The sites selected for future housing, coded T2/3/h1 and T2/3/h2, lie between the Bran and Gwydderig rivers. T2/3/h1 lies behind and beyond the street called Dan y Crug, and T2/3/h2 is opposite Dan y Crug, across the A40 road. Approximately 50% of T2/3/h1 lies within the flood risk zone C2, identified by the Environment Agency as “having a high risk of flooding and without significant flood defence infrastructure”. An additional 10% of T2/3/h1 is within the even higher-risk zone C3.

Llandovery is a market town in decline. The state secondary school, Ysgol Gyfun Pantycelyn, will close in 2015. Despite overwhelming opposition from the people of the town, the local authority said that falling pupil numbers left it with no alternative. The proposed new school will be about 13 miles south-west of Pantycelyn, on the far side of Llandeilo, and up to 20 miles from the homes of many pupils living north and east of Llandovery. The closure decision removes state secondary education from about 400 square miles of Central Wales, the area bounded by Lampeter, Builth Wells, Brecon and Llandeilo, 400 square miles with Llandovery at its heart.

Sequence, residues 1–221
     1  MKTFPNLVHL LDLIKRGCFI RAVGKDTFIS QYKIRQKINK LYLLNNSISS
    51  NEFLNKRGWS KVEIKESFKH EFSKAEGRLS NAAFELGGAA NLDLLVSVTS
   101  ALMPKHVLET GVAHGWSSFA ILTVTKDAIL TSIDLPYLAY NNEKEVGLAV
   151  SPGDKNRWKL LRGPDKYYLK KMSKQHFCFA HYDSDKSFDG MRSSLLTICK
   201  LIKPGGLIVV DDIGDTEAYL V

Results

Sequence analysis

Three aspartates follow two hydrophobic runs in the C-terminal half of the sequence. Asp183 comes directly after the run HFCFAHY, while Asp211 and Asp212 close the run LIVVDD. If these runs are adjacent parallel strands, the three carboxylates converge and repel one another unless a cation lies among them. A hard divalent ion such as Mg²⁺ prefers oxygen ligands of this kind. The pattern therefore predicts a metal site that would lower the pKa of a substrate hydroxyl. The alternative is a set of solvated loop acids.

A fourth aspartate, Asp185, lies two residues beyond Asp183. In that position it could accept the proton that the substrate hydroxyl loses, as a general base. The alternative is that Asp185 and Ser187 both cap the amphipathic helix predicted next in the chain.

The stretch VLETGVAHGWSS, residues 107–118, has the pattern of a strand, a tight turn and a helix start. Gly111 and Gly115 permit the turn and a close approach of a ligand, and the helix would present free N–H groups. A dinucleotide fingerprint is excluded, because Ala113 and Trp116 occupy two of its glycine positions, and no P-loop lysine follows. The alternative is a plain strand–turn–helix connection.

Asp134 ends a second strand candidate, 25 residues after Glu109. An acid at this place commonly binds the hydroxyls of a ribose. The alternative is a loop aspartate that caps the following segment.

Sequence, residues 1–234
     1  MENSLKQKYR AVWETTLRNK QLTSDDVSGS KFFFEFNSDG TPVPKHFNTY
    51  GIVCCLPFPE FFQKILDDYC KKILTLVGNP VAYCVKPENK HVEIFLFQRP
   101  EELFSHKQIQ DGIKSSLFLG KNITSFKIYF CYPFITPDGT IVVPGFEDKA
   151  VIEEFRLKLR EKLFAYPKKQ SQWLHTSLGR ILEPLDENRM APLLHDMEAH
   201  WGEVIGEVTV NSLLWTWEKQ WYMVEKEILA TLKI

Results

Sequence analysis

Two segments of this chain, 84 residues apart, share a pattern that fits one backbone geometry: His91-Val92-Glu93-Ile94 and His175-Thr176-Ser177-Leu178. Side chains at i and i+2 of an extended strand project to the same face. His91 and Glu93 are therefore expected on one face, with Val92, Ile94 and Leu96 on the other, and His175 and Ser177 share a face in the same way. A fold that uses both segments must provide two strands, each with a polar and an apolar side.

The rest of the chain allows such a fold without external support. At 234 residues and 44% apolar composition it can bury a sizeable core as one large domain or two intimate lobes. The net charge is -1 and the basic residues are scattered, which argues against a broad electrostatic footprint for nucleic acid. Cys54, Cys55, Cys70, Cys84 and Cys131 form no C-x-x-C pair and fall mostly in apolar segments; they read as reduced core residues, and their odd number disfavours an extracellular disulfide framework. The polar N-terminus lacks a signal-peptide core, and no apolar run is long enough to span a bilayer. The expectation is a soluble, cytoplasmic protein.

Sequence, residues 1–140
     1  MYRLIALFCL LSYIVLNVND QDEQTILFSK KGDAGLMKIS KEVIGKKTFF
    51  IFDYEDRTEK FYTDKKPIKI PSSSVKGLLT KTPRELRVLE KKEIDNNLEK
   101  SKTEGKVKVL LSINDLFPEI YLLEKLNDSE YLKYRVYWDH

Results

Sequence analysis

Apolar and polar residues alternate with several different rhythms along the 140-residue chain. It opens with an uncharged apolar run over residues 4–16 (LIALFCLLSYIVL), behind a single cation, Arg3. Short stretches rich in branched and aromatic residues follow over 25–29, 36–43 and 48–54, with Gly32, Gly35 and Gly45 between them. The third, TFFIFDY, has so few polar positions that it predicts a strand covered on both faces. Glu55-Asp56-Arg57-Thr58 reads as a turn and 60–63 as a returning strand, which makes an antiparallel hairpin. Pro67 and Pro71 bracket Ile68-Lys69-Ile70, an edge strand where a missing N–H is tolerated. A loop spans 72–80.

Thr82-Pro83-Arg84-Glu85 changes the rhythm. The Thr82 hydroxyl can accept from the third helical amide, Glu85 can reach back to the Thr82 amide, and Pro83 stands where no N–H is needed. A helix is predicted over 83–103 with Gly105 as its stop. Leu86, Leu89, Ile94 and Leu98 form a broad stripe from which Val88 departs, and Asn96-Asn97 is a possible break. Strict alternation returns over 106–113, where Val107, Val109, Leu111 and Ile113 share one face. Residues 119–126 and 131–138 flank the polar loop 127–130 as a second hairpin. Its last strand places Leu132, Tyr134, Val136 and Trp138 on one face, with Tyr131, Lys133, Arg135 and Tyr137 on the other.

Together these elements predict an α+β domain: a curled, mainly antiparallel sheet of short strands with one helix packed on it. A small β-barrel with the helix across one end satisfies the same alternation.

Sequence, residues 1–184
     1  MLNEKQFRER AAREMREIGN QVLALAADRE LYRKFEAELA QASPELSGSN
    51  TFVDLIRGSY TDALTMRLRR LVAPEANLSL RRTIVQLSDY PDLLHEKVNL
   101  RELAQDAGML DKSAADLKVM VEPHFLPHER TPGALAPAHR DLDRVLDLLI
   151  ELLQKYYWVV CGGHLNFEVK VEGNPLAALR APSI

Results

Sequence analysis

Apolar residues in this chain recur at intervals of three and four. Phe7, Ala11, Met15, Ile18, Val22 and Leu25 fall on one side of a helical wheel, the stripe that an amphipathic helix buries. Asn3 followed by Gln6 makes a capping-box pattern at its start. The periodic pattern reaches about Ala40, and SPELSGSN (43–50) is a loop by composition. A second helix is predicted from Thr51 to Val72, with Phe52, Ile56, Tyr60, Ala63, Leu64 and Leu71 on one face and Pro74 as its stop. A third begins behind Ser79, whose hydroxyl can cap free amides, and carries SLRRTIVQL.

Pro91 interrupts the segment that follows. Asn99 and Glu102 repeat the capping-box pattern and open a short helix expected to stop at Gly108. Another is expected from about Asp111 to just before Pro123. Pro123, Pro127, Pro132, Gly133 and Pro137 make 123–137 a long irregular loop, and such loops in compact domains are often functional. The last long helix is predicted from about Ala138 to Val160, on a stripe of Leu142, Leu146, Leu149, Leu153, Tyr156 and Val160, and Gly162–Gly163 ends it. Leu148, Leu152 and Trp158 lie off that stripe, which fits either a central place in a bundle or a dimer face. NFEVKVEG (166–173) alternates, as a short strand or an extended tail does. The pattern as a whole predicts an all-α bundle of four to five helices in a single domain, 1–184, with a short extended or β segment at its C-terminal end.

The town retains the independent, selective Llandovery College, which came close to closure in 2012 because of a debt burden. The annual day fees of £14,370 in 2012-13 are unaffordable for the majority of Llandovery households, for whom median income in 2011 was £19,570, according to CACI PayCheck. Therefore most residents with children could not consider Llandovery College as a substitute for Ysgol Gyfun Pantycelyn.